Almonds, pecans, walnuts, and several other nuts are significant sources of both healthy fats and protein. They are also a convenient snack on the go while also offering crunch to salads, rice bowls, and several other dishes.
9. Peanut Butter
Peanut butter is an appreciated substitution for crunchy nuts, particularly if seniors have difficulty chewing and swallowing them. Add peanut butter into smoothies and oats, dip with carrot sticks, smear on apple slices or a banana, or simply enjoy by the spoonful for rich protein, healthy fats, and nutrients.
Eight grams of protein are in two tablespoons of peanut butter. If you do not want to eat this full amount in one sitting, spread it out throughout the day to easily add a protein and calorie boost.
10. Protein Powders
Although dietitians and nutritionists encourage eating whole foods over supplemental products, plant-based and whey protein powders may be a valuable alternative for seniors with a reduced appetite.
Protein powder can easily be added to shakes, oatmeal, or simply stirred with milk to bump up the protein.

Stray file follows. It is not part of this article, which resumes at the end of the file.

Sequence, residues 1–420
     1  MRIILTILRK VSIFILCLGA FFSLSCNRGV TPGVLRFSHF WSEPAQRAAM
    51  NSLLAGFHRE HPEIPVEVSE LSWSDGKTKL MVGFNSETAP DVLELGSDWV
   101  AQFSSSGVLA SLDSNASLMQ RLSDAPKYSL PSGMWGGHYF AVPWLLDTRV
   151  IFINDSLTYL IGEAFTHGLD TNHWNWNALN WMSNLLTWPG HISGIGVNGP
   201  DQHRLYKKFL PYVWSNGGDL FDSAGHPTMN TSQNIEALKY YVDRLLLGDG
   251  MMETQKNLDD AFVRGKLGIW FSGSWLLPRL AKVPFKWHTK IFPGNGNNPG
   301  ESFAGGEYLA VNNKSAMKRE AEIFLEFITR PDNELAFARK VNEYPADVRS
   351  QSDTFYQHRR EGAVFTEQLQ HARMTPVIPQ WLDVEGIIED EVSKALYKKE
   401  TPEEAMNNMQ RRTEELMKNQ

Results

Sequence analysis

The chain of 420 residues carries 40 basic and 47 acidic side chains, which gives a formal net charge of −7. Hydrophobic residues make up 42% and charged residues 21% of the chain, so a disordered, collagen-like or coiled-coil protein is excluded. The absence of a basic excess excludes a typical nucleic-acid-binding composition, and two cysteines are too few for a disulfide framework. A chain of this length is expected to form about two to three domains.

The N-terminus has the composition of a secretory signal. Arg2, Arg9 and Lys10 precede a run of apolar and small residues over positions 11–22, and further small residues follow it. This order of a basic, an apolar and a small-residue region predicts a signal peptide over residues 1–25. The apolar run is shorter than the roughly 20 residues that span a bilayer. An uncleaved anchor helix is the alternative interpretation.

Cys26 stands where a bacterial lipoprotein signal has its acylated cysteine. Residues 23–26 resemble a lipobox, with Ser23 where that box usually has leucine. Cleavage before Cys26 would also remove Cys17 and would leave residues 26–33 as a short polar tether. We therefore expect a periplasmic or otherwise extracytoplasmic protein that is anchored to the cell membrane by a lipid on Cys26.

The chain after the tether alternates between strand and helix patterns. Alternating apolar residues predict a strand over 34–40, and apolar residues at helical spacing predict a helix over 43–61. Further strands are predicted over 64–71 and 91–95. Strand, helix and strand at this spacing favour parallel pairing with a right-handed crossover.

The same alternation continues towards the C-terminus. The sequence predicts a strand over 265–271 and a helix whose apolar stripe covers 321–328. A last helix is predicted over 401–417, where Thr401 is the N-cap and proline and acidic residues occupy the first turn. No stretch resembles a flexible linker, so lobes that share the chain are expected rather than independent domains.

Discuss with a dietitian and primary care provider to determine which type of protein powder may be best for you and your nutritional needs.
Best Protein for Seniors Recap
Eating a variety of foods high in protein can help fight off the natural muscle loss that comes with aging, especially when paired with exercise. There is no single food seniors should focus on getting as the best protein source. The best protein food sources are foods tailored to each person and ones they will enjoy eating.
Animal-based foods like meat, fish, dairy, and eggs are some of the highest quality foods for protein. However, plant-based foods such as soy, nuts, beans, and nut butter can also provide a significant source of protein as well as provide many other health benefits.
Protein powder can be added to drinks and foods as a way to boost protein fairly dramatically in the diet. However, it’s best to consult with a doctor to determine if and how this should be added.